Which in a nutshell illustrates the problem here. Too many establishment Republicans have a vested interest in not shrinking or limiting the size of the federal government — standard GOP dogma — because in reality they lose big money if government agencies and bureaucracies are ended. Had OPIC been eliminated by the last President Bush…or any other Republican before that, there would be no federal agency about which it would be worth paying Jeb Bush fifteen grand a month to consult. As it were, the entire system in Washington revolves around this. If Speaker Boehner were truly outraged by for-profit Republicans, he would move heaven and earth to eliminate this kind of system. Instead, Boehner complains about conservative fundraising tactics. The speaker isn’t alone in ignoring the kind of behavior that Jeb Bush has so vividly illustrated, either, which is why so many at the grassroots level are so frustrated with Republicans inside Washington.
Alas there’s no point in scolding Bush for doing something that all of Washington’s lobbying complex does all day, every day, all year, every year. But this is exactly the point. John Boehner is no dummy — there is no way in the world the speaker doesn’t get the way this system of what was once a limited government has evolved to a system where the federal government has its tentacles into just about every crevice of American life. Like, say, the Overseas Private Investment Corporation, a federal agency designed to… well… you know. And of course heaven forbid the thought that a possible President Jeb Bush would be traveling America right now proposing getting rid of OPIC. Had that been done years ago a cool fifteen grand a month would have not been available for this particular gig.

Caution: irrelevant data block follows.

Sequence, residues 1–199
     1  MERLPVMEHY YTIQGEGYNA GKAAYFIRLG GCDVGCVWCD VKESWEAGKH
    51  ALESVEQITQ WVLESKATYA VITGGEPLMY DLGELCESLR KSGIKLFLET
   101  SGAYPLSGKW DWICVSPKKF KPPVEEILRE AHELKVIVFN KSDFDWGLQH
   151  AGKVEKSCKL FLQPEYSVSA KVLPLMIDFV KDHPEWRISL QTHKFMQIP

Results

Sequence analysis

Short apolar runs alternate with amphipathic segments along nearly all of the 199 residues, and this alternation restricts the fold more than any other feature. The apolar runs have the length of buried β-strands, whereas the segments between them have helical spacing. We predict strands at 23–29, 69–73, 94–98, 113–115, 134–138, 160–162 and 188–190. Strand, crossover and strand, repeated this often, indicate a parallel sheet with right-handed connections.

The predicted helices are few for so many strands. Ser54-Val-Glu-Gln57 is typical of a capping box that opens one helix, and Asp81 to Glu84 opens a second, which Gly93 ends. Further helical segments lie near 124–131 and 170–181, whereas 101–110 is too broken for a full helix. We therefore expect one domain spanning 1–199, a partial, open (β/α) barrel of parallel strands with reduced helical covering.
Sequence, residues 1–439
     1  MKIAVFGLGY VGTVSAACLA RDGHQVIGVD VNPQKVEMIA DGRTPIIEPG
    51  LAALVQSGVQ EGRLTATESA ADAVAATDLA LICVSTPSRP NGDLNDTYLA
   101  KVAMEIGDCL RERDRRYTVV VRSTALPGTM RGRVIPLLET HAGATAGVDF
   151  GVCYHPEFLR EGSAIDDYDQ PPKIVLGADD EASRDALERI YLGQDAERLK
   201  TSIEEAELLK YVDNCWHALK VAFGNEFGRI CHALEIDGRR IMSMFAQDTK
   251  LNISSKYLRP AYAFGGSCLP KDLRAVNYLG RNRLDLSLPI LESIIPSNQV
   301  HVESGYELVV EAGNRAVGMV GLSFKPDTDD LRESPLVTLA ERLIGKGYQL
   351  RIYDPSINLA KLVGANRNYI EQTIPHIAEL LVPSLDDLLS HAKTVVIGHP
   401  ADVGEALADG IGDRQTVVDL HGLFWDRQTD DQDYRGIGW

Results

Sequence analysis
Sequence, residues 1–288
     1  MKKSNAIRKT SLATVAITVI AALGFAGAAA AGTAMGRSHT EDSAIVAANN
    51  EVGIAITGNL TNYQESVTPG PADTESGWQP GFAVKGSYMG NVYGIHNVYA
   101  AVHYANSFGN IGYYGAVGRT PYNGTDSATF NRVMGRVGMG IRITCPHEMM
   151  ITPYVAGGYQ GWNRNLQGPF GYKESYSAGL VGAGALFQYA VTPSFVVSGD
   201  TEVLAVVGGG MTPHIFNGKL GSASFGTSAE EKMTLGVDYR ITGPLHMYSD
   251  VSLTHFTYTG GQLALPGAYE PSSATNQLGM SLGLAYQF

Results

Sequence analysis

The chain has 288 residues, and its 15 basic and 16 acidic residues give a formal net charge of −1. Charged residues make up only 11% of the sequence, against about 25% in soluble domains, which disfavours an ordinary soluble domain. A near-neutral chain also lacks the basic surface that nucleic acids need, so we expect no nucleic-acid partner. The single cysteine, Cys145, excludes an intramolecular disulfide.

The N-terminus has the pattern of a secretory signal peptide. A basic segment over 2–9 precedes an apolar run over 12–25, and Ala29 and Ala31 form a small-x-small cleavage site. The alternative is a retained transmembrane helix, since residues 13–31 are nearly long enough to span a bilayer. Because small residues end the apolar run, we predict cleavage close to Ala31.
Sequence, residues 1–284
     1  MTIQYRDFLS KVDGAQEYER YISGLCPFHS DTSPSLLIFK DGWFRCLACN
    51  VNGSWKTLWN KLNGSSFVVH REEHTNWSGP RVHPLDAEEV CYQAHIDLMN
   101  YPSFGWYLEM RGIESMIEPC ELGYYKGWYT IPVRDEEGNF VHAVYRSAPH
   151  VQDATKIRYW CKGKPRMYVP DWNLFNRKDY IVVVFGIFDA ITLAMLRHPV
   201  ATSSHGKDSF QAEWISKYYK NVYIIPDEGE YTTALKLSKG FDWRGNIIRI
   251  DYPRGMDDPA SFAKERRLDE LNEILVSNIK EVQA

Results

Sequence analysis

Meanwhile, the Republicans outside the Beltway — aka the GOP base — must listen to the Speaker’s remarks and wonder if he thinks they are chumps. They may live in places like Iowa or South Carolina or New Hampshire, but that doesn’t mean they don’t understand who the real for-profit Republicans are. It isn’t some guy running some committee that criticizes John Boehner for playing a cynical game — when in fact John Boehner is playing a cynical game.
Who are the real for-profit Republicans? They are all those GOP lobbyists and or consultants who make a hefty dime off of lobbying the federal government or giving their advice on how best to get money from it. Speaker Boehner knows this. His own campaign coffers brim with money from interest groups that have to deal with this or that federal agency. Jeb Bush, now apparently running for president, also understands this system well — all too well, it seems. But neither are going to make overturning this system any kind of a priority. And it’s safe to say that when it comes to the issue of so-called “for profit Republicans”, Speaker Boehner has put a spotlight on a system that involves too many Republicans who have an entirely different definition of “for profit Republicans.” Jeb Bush, now apparently running for president, is one of them.
The game caused Jeb Bush a bad headline — but earned him a run of $15,000 a month paydays.
Notice to Readers: The American Spectator and Spectator World are marks used by independent publishing companies that are not affiliated in any way. If you are looking for The Spectator World please click on the following link: https://spectatorworld.com/.